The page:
3 - 30V / 1.5A Regulated Power Supply


The MiniSupply was my very first DIY project, and it was a birthday present for my 11th birthday. Though even at this age I was fond of electronics, I didn't yet posess the skills and patience to properly construct the thing in a box. It ended up in a corner of my room unfinished for a very long time.

The MiniSupply Years and years later a day came where I really needed a small power supply, and I decided to finally finish the project. I bought a new enclosure, a nice new panel meter and banana connectors. It still works, and due to its size it really is a handy versatile minisupply


The MiniSupply is a very straightforward LM317 stabilized power supply. It is easy to understand and easy to build yourself (provided that you have some basic electronics skills)
The schematic is presented below:

On the left you will find the mains connected parts. Always be sure to put the correct fuse, that corresponds to the transformer rated primary current. The transformer VA rating is calculated by multiplying the "unregulated" transformer output voltage with the maximum output current plus a margin. In this case: 35V x 2A = 70VA (Volt-Ampere)

The bridge rectifier has four capacitors parallel with the diodes. These will help reducing some noise on the output voltage. The bridge rectifier feeds a large tank capacitor, which will filter the mains ripple current and acts as a buffer for power transients.

Then there is the regulator part.


The MiniSupplyI don't have pictures left from the first build. But they wouldn't make a good example anyway, so I'll just stick with the second build, of which I have only 2 pictures.

The power supply is assembled in a 2-shell box made of PVC plastic. That made modifying the box to fit the heatsink, voltmeter etc really easy. All mains connected parts are located left, including the mains fuse. Since there are no metallic "touchable" mains connected parts, there is no need for grounding the case. The PCB, was designed to have the main capacitor located on top of it. That didn't fit with the box, so it's glued on the right, and connected via wires.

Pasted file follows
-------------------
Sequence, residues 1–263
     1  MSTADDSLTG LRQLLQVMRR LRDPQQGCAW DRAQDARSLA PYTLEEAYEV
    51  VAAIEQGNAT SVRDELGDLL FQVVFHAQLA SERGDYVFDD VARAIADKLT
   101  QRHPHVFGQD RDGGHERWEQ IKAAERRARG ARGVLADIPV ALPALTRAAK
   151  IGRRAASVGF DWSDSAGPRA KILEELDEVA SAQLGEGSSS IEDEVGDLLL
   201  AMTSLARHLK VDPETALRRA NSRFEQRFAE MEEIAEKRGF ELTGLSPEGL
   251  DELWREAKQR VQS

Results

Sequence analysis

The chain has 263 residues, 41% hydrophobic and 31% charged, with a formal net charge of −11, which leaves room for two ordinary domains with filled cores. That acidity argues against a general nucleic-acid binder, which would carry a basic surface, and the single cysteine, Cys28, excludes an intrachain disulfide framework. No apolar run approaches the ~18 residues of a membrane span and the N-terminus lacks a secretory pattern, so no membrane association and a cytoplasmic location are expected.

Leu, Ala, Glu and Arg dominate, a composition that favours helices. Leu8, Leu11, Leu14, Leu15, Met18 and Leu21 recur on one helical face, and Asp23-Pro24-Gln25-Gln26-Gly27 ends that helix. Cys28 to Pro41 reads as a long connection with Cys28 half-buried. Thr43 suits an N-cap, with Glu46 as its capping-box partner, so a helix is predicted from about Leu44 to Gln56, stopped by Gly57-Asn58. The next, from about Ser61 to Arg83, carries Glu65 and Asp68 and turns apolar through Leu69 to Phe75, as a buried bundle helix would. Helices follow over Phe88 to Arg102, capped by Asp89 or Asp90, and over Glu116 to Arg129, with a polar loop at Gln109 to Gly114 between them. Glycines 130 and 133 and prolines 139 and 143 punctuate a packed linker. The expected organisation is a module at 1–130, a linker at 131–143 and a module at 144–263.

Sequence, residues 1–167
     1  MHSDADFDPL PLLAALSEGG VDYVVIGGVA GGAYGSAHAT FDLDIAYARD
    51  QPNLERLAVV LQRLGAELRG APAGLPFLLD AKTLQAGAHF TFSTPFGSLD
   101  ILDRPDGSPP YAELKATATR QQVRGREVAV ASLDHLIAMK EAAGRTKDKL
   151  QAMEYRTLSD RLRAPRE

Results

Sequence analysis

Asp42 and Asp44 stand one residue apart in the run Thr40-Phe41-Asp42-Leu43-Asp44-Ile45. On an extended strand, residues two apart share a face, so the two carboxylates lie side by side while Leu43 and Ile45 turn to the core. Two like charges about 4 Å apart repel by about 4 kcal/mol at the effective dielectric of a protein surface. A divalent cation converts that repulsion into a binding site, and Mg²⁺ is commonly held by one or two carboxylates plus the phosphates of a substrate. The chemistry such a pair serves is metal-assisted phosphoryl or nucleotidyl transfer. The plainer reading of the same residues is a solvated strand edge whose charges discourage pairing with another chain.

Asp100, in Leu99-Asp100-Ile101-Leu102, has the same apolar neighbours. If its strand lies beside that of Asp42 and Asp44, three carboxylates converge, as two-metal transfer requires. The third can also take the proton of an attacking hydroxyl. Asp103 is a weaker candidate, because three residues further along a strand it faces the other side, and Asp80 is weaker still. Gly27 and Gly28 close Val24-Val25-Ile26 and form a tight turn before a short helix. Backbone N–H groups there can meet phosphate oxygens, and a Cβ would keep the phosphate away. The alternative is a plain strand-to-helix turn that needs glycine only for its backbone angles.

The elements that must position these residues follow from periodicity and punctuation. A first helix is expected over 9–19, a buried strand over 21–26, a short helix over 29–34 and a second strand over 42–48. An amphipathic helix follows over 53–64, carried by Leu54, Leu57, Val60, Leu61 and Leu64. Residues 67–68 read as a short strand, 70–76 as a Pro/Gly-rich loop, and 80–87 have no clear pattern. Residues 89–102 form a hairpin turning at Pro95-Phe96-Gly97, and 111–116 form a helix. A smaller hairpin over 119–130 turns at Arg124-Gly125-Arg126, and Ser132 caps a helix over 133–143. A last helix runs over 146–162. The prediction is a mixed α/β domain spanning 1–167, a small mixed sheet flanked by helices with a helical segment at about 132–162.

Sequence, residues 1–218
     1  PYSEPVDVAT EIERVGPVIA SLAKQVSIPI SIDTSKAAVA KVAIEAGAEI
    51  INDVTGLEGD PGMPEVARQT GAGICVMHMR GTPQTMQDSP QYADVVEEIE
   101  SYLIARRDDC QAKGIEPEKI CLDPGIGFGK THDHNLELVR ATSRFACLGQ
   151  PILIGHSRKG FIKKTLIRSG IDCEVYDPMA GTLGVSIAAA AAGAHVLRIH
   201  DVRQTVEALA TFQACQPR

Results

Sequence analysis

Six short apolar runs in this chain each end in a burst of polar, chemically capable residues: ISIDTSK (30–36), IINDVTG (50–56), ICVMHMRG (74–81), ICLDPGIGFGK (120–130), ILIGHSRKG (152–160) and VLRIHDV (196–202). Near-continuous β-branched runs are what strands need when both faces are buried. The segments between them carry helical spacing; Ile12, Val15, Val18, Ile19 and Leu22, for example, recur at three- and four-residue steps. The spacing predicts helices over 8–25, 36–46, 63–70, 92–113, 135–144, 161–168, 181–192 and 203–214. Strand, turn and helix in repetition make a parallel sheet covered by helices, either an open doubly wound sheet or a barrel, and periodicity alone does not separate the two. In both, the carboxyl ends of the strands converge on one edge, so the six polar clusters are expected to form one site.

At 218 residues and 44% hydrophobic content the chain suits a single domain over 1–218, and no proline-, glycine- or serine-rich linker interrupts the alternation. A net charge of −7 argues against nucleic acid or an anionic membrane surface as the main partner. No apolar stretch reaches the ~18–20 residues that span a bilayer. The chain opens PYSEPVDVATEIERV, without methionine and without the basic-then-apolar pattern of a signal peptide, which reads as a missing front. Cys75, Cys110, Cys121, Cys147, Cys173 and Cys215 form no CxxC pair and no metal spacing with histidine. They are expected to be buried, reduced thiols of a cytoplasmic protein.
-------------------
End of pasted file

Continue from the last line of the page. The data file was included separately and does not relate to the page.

The LM317 regulator is mounted on the heatsink in the back. All controls are -obviously- on the front. The front was made very simple with paper glued on the box, then laminated with self-adhesive transparent foil. A few cutouts to feed the controls through, and presto!


Is as easy as using your vacuum cleaner. Simply plug in the power, connect wires to the banana outlets, switch on the supply and adjust the voltage to your likings. Measuring voltage or current simply by selecting voltage or current on the front panel and the read the scale.

If your setup is drawing too much power, shorts out,, or for any reason the supply overheats, then the internal protections inside the LM317 will prevent damage to the supply and maybe also your setup...

This supply is soo mini, but soo handy...